I don't understand the sudden interest in the flap over designer fashion brand Dolce & Gabbana banning photographers; I wrote about this idiotic policy on my Leg 3website nearly five years ago and even then it was nothing new.
Ever since September 11, 2001, photographers such as myself began to be hassled any time we pointed our cameras at any type of infrastructure, as though somehow overnight we all became terrorists.
This knee-jerk response in turn manifested itself through overzealous security guards exceeding their limited authority and dictating the actions of people in public spaces.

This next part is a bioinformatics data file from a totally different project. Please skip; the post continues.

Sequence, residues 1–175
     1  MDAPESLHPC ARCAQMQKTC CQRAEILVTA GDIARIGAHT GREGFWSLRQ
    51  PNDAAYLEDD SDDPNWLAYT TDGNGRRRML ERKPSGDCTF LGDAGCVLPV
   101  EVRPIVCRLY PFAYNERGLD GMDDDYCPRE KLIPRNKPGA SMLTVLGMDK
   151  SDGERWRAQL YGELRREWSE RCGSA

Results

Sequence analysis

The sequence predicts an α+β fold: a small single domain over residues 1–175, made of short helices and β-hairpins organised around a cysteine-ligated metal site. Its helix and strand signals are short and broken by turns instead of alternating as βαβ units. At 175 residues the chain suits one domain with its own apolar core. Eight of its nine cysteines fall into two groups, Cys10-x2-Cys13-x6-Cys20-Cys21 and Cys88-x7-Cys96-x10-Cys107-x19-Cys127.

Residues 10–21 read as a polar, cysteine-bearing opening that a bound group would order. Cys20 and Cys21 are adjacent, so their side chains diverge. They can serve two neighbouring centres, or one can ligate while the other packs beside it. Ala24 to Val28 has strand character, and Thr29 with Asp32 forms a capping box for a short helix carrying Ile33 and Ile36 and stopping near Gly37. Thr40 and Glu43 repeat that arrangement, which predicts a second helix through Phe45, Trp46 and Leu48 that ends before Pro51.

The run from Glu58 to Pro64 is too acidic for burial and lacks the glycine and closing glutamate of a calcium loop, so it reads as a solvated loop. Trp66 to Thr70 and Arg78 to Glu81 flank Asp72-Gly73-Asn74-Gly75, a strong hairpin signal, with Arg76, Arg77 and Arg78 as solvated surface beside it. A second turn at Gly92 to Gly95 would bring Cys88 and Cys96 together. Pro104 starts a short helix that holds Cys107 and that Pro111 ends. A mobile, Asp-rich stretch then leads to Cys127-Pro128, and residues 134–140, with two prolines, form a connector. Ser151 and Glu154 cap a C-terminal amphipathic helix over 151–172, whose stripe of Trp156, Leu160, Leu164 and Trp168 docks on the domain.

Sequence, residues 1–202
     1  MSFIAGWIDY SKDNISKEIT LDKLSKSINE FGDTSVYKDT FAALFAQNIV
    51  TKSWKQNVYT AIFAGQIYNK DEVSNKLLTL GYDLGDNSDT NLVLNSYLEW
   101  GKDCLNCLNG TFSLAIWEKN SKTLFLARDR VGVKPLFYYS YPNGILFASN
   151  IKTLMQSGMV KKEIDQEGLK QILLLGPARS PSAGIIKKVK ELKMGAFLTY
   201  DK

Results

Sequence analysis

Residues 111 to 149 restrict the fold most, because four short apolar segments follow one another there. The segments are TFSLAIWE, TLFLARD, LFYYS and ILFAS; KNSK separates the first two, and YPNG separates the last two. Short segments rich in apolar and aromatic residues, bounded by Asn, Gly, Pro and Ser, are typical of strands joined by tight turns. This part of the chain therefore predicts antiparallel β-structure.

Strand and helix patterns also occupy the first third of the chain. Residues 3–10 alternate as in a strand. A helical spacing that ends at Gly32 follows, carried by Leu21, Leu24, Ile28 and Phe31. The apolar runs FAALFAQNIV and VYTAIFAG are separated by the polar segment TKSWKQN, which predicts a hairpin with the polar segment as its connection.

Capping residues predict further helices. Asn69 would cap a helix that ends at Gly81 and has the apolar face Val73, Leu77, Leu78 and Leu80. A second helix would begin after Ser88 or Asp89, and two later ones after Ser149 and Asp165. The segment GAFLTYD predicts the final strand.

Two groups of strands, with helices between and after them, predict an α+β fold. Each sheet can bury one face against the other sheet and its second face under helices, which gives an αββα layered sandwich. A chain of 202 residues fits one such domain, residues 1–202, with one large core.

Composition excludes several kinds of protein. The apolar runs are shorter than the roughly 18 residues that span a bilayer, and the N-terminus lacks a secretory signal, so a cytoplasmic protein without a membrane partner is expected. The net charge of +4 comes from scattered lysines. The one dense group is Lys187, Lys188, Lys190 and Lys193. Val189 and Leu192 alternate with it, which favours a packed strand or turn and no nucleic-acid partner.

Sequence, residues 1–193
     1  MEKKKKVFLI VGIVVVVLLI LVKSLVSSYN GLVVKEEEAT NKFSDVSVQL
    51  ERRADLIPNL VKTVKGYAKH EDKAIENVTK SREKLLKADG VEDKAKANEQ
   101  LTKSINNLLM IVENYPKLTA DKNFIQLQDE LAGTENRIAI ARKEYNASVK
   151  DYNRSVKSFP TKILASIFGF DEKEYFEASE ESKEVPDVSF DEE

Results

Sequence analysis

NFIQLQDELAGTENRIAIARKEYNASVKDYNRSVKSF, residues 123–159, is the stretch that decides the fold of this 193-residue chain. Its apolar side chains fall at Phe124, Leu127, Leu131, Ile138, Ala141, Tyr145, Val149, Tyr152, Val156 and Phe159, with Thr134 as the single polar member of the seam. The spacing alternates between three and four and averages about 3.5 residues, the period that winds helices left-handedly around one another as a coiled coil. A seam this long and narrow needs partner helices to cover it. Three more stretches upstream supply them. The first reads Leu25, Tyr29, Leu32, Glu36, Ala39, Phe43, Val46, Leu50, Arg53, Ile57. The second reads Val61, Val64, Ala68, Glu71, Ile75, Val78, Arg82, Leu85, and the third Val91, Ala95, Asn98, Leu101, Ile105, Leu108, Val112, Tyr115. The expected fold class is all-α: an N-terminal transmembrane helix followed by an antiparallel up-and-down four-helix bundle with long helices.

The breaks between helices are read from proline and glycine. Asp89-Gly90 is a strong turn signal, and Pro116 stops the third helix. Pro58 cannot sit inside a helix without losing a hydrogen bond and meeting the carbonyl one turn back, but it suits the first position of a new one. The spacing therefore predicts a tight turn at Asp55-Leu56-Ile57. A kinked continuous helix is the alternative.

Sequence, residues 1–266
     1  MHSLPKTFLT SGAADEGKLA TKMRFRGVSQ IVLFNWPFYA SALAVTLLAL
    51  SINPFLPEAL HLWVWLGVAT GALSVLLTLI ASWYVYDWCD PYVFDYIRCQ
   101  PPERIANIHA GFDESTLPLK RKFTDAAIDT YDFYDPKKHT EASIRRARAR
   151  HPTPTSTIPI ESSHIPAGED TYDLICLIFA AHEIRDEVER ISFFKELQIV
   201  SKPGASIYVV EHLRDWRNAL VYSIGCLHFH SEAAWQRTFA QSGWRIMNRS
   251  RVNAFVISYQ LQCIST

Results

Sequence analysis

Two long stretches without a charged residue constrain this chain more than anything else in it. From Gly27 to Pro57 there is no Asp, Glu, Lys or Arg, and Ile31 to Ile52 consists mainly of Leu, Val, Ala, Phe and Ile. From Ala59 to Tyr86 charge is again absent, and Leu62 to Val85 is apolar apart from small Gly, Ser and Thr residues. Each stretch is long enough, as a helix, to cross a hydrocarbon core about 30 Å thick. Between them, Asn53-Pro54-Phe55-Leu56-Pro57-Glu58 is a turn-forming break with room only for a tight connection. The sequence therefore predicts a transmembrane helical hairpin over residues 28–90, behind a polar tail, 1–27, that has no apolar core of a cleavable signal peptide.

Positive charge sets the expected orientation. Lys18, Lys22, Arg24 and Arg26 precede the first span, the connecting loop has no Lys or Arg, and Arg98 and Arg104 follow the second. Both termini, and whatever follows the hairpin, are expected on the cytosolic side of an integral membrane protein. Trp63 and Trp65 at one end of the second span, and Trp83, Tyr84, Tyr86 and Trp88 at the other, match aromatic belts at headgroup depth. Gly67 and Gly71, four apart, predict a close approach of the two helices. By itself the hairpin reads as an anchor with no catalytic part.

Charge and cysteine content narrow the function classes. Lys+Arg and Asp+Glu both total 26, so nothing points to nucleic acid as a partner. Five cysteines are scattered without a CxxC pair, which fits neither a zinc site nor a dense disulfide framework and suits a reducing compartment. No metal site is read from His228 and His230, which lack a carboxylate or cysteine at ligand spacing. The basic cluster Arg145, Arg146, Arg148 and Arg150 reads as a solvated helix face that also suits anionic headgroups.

In 2005 I had a guard at the AIA building in Wan Chai come out from his booth to the pavement along Stubbs Road to order me not to take photos of the building.
I ignored him and pointed out that I have every right to do my work and that he had no right to deny me otherwise.
Photographers need to know their rights and gently explain to those who do not understand that making images is not a crime.
If anything, I hope the recent media attention on D&G will make others Leg 4think about overstepping their bounds.
Randall van der Woning